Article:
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"I love writing authentication and authorization code." ~ No Developer Ever. Try Okta Instead.
Short answer is: it's tricky. I dabbled into the matter for my java webapp automatic syncing project, and at some point I decided not to embed it. Ultimately, I used a library that does what I needed, but anyway, here are the steps and tools that might be helpful.
What you usually need the embedded maven for, is to execute some goals on a maven project. There are two scenarios.
The first one is, if you are running inside the maven container, i.e. you are writing a mojo/plugin. Then it's fairly easy, because you have everything managed by the already-initialized plexus container. In that case you can use the mojo-executor. Easy to use, but expects a "project", "pluginManager" and "session", which you can't easily obtain.
The second scenario is completely embedded maven. There is a library that does what I needed it to do (thanks to MariuszS for pointing it out) - it's Maven Embedder. Its usage is described in this SO question. Use both the first and the second answer.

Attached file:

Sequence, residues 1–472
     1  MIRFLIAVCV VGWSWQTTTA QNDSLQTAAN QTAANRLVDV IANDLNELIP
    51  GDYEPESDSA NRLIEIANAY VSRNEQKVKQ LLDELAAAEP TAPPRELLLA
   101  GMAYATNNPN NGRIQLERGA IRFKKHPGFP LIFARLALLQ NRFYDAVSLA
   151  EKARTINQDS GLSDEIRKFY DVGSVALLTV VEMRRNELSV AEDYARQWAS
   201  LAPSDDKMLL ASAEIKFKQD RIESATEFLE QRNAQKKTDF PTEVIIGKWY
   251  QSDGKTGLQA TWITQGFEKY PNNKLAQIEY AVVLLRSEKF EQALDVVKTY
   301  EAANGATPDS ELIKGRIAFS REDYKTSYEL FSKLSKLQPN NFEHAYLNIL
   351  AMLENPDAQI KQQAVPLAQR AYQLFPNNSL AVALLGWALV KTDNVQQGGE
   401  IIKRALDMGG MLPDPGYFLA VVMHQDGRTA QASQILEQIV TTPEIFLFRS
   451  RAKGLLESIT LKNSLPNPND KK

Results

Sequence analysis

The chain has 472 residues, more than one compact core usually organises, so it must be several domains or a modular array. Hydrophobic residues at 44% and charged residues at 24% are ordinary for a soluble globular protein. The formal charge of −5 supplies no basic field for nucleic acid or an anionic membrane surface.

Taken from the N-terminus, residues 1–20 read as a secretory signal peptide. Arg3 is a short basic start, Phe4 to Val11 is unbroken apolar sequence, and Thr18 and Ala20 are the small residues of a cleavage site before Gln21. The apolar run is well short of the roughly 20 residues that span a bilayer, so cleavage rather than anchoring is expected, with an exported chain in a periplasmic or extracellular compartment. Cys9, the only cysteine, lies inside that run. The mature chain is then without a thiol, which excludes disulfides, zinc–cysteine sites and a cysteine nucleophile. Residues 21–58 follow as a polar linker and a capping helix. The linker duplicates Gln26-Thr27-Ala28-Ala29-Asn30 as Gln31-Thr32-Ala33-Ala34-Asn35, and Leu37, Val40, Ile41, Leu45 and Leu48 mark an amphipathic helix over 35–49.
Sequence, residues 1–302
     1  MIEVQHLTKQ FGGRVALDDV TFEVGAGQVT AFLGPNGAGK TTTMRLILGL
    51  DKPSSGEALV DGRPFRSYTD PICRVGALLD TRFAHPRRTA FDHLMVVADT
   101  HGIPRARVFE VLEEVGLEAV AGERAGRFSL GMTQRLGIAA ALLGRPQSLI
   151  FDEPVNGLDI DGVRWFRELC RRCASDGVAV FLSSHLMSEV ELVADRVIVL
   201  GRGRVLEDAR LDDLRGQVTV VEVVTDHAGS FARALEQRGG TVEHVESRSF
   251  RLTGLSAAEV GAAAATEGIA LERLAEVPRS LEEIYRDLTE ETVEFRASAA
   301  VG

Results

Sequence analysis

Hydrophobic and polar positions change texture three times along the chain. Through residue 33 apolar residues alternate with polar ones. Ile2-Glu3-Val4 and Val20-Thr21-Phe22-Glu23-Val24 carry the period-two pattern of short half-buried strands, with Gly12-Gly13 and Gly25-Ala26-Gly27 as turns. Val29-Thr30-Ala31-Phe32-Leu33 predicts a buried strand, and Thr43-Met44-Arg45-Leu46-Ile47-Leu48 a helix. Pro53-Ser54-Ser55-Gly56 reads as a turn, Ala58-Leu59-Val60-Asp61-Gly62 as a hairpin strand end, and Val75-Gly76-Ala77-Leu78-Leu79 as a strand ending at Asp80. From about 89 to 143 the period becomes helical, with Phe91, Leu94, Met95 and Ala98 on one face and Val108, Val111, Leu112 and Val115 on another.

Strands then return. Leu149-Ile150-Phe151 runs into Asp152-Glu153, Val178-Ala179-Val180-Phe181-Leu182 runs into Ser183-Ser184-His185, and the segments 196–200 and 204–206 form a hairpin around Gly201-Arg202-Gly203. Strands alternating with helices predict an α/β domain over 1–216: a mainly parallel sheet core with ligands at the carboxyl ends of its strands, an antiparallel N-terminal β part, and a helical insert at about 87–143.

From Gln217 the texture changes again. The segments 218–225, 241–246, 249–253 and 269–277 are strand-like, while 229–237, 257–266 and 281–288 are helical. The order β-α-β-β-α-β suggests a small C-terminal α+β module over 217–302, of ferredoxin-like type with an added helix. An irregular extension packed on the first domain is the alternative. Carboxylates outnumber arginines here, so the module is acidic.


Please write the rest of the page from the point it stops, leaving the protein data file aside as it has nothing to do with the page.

Before finding that library, I tried two more libraries: the jenkins maven embedded and the Maven Invoker. The problem in both libraries is: they need a maven home. That is, the path to where a maven installation resides. Which is kind of contrary to the idea of "embedded" maven. If the Maven Embedder suits you, you can stop reading. However, there might be cases where the Maven Embedder might not be what you are looking for. In that case, you should use one of the two aforementioned libraries. So, how to find and set a maven home?
- Ask the user to specify it. Not too much of a hassle, probably
- Use M2_HOME. One of the libraries uses that by default, but the problem is it might not be set. I don't usually set it, for example. If it is not, you can fallback to the previous approach
- Scan the entire file system for a maven installation - sounds ok, and it can be done only once, and then stored in some entry. The problem is - there might not be a maven installation. Even if it's a developer's machine - IDEs (Eclipse, at least) have an "embedded" maven. And while it probably stores it somewhere internally in the same format a manual installation would, it may change it's path or structure depending on the version. You can, of course, re-scan the file tree every once in a while to find such an installation
- Download Maven programatically yourself. Then you can be sure where it is located and that it will always be located there in the same format. The problem here is version mismatch - the user might be using another version of maven. Making the version configurable is an option.
So, in order of preference: 1. make sure you really need to embed maven 2. use the Maven Embedder 3. use another option with its considerations
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